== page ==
Radiopharmaceuticals for Bone Metastases

Chapter

Abstract

Bone-seeking radiopharmaceuticals play a significant role in the treatment of metastatic pain as an alternative, or in addition, to classic palliative treatment.

Until a few years ago, radionuclides for the management of prostate cancer consisted of several beta-emitting agents, such as strontium (89Sr), phosphorus (32P) and samarium (153Sm) as well as rhenium (186Re and 188Re), which only exhibit a palliative effect in patients with extensive skeletal disease.

Radium (223Ra) dichloride represents a new generation of radiopharmaceuticals, being the first targeted alpha-emitting agent approved, which improves overall survival, postpones skeletal-related events (SREs) and controls bone pain.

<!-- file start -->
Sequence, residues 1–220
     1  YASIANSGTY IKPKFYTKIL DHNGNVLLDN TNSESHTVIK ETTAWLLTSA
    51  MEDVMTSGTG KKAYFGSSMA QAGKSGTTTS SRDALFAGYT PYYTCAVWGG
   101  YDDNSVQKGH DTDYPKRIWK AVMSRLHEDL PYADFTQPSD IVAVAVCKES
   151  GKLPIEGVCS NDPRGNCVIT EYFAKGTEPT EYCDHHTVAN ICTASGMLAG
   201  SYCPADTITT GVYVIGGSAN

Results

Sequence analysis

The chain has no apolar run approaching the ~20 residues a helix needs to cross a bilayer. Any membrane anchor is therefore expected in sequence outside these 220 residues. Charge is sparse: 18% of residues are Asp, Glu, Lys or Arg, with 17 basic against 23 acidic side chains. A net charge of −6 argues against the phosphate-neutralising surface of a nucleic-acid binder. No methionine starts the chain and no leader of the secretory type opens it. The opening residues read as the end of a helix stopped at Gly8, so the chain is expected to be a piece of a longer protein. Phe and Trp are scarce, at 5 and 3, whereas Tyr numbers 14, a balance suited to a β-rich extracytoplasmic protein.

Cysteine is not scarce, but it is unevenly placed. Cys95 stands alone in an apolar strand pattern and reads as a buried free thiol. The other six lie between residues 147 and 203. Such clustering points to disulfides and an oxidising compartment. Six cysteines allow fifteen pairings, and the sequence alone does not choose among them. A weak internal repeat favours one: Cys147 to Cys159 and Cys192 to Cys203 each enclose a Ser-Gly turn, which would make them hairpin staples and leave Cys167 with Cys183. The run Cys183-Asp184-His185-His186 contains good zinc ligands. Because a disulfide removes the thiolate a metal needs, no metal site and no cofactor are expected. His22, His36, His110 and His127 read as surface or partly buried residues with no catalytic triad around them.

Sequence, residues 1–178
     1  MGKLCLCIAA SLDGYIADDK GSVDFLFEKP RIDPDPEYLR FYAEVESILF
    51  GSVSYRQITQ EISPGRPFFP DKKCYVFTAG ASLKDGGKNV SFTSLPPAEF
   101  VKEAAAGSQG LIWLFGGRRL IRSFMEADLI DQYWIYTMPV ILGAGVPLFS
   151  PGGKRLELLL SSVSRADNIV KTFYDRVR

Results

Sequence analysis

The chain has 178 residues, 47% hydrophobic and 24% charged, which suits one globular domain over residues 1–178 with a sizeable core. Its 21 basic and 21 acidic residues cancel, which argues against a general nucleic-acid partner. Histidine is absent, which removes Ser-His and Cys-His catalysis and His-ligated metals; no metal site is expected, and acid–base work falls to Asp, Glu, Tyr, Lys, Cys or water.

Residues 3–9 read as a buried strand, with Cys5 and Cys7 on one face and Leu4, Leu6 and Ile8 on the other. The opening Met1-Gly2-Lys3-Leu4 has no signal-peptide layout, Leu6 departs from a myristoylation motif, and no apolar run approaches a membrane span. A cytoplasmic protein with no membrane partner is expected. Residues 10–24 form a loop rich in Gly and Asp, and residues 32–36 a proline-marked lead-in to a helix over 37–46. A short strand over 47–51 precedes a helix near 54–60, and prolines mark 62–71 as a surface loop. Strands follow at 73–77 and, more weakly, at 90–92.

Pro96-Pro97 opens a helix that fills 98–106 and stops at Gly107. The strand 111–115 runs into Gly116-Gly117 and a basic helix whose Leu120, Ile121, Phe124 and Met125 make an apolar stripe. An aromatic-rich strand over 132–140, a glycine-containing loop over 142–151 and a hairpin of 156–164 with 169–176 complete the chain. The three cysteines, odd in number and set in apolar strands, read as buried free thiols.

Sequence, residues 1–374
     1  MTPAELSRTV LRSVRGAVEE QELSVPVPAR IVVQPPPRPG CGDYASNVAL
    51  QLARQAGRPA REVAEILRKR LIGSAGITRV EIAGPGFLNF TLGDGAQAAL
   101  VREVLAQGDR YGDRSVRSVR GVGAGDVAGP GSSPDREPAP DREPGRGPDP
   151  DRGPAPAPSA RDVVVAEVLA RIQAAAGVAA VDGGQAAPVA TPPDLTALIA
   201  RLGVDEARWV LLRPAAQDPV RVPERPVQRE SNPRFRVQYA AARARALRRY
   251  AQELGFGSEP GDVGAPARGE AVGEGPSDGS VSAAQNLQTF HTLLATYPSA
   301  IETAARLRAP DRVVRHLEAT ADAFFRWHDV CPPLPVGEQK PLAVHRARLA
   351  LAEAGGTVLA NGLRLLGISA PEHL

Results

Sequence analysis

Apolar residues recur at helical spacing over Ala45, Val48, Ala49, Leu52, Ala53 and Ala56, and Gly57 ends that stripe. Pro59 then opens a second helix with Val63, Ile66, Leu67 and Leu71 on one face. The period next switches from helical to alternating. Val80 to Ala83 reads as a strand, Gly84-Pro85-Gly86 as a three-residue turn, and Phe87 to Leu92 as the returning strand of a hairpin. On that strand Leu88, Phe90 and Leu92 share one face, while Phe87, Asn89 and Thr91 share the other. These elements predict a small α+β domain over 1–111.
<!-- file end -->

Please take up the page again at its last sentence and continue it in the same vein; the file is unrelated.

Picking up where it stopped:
Conjugates of bisphosphonates (BP) with macrocyclic chelators open new possibilities in bone-targeted radionuclide imaging and therapy, when labelled with positron and beta-emitting radiometals. [68Ga/177Lu]DOTAZOL appears to be the best leading compound showing fast blood clearance, low uptake in soft tissue and high accumulation in the skeleton.

Prostate-specific membrane antigen (PSMA) is an attractive target for diagnosis and therapy of prostate cancer. 177Lu-PSMA-617 is a new treatment option, which is not solely directed to bone metastases, but also demonstrates “antitumour” activity with limited and well-tolerated side effects.

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© Springer International Publishing AG, part of Springer Nature 2018

Authors and Affiliations

  1. 1.Nuclear Medicine UnitAOU Policlinico “G. Martino”MessinaItaly

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